Saturday, October 29, 2005

It's Hard Times at the White House

This has not been the best of weeks for the Bush Administration. In fact, it could be argued that this has been the worst week the White House has experienced in a grueling year of setbacks.

Firstly, the fighting in Iraq is going badly and demonstrators all over the country just observed a gruesome benchmark, the 2,000th casualty of that conflict. The vast majority of Americans no longer support the military effort in Iraq. Furthermore, in poll after poll, they express no confidence in Bush’s handling of the war. Indeed, Bush is still experiencing his worst approval ratings, which now seem to be in a free fall.

And FEMAs dismal handling of various domestic disasters has pushed approval ratings even lower. As has the discovery of how many truly unqualified political appointees now hold high-ranking positions in the government. To Bush, cronyism always trumps actual competence.

And Bush’s latest pick for the Supreme Court only highlighted this. Harriet Miers just withdrew her name under pressure from Bush’s base, to whom he usually caters. Principled conservatives were enraged that the President picked somebody based more on personal friendship than qualifications.

Other Republicans are also in trouble. Tom DeLay and his Texas colleagues have been indicted on charges of money laundering and making illegal donations to Texas campaigns. DeLay’s friend and ally, Jack Abramoff, a well-heeled Washington lobbyist, is facing corruption charges for his work on behalf of an Indian tribe and gambling interests. And even Bill Frist, the Senate Majority Leader, is under a cloud of suspicion pertaining to the timing of when he sold stock in his family’s business and whether he had inside information that caused him to sell it when he did.

And now on top of all these other troubles, Vice President Cheney’s top aide has been indicted for lying to prosecutors, the FBI and the grand jury about whether he outed the identity of CIA agent Valerie Plame Wilson.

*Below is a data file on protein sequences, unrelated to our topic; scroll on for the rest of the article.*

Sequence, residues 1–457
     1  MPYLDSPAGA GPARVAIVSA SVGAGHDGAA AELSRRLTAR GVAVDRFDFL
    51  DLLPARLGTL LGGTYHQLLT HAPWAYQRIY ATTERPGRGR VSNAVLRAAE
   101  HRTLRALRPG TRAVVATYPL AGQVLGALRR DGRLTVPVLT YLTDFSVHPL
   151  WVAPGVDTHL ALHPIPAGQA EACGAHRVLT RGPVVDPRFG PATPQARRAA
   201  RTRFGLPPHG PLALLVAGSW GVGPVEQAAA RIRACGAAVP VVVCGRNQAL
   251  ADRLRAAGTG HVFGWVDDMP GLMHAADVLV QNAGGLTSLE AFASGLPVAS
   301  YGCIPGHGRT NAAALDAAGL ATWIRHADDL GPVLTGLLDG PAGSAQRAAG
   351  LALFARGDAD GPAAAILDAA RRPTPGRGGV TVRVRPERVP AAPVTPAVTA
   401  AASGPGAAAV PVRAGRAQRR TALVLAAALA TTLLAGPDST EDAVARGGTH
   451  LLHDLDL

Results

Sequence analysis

As the indictment makes clear, because of Libby’s alleged lies, the cover up of the actual release of this information was successful. Because he lied, prosecutors can’t discover whether Libby or anybody else in the Administration was responsible for releasing Mrs. Wilson’s identity.

So, although he might be found guilty of perjury, we’ll never know whether Libby also violated federal law and released the identity of a covert CIA agent. Also, we may never know whether Karl Rove, Dick Cheney or anybody else also was responsible for this act.

However, whoever did make this information public was not only guilty of breaking federal law. They also violated the public’s trust. These all are people with the very highest top-secret security clearances. They broke all kinds of vows just to retaliate against a political foe.

In addition, they not only risked the life of a CIA agent, compromised her cover and ruined her career (quite a bit actually), but they also risked the lives of any covert contacts who might have aided her. To my mind, they are guilty, at least morally, of high treason.

Mark Twain once observed that patriotism was the last refuge of a scoundrel. And unfortunately, this White House and the Republican Party have had more than their fair share of genuine scoundrels in places of trust and responsibility. So, if it’s a tough week for the White House, it’s an even harder one for those who entrusted this Administration to do the right thing.

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